Spain’s public prosecutor is investigating more than 200 cases of potential criminal mishandling of the coronavirus pandemic at nursing homes, where the virus spread almost unchecked during the devastating first wave.
Nearly 43,000 care home residents died of COVID-19 or suspected infection during the March-May first wave of contagion, according to official data.
At the time, staff reported shortages of basic protective equipment and army units deployed on disinfection missions discovered unattended bodies at several facilities.
The prosecutor’s office said nearly half of its investigations related to homicide through a neglect of duty of care, while it was looking into 21 cases of deficiencies in medical treatment.
With Spain reporting record infection numbers on an almost daily basis, it warned that risks still remained across the care home network, despite improvements made in recent months.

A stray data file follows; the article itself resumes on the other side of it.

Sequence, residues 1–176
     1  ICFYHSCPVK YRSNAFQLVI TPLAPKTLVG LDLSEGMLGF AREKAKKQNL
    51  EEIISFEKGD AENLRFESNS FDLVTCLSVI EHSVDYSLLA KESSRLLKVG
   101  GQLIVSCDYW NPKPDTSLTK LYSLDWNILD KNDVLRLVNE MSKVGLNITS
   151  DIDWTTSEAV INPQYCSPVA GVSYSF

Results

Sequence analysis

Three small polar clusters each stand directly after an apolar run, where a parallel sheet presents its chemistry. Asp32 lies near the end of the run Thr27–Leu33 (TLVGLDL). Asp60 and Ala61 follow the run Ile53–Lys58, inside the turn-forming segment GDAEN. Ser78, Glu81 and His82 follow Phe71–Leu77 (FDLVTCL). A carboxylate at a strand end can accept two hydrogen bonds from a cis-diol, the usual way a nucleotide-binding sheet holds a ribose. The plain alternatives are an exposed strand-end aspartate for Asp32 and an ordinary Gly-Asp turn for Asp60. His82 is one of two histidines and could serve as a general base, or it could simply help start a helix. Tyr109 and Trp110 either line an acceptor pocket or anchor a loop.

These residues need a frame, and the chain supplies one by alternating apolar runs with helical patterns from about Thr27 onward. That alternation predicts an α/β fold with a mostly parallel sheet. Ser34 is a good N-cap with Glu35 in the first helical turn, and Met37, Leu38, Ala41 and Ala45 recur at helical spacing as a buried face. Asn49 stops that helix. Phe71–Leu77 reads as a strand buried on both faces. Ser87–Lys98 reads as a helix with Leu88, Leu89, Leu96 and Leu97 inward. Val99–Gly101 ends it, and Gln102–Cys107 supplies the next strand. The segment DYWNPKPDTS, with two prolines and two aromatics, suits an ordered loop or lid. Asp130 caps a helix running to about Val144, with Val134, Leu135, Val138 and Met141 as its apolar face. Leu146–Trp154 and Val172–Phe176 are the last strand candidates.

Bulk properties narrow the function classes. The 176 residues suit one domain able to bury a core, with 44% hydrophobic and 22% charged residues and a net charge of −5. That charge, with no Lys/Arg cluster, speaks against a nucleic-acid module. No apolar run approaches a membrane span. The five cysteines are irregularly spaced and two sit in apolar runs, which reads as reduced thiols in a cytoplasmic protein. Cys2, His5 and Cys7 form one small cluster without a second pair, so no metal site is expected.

“The increase in general contagion is still a risk for residential environments,” it said in a statement on Thursday, adding that it would continue to closely monitor the situation.
Pre-existing weaknesses, including governance, funding, working conditions, a lack of coordination with primary health care, and a lack of isolation spaces, are still widespread, the report said.
Prosecutors shelved other cases, most of the time after charges were rolled into other cases or passed to courts, rather than because investigators found no evidence of wrongdoing.
Spain has about 5,500 nursing homes, housing some 400,000 people, according to the European Ageing Network, which represents both individual carers and businesses.
The heads of both Spain’s main care home associations said they needed more information on the investigations before commenting. In the past, the associations have blamed the government for failing to provide adequate supplies and the health service for refusing to admit residents with a positive diagnosis to hospitals.
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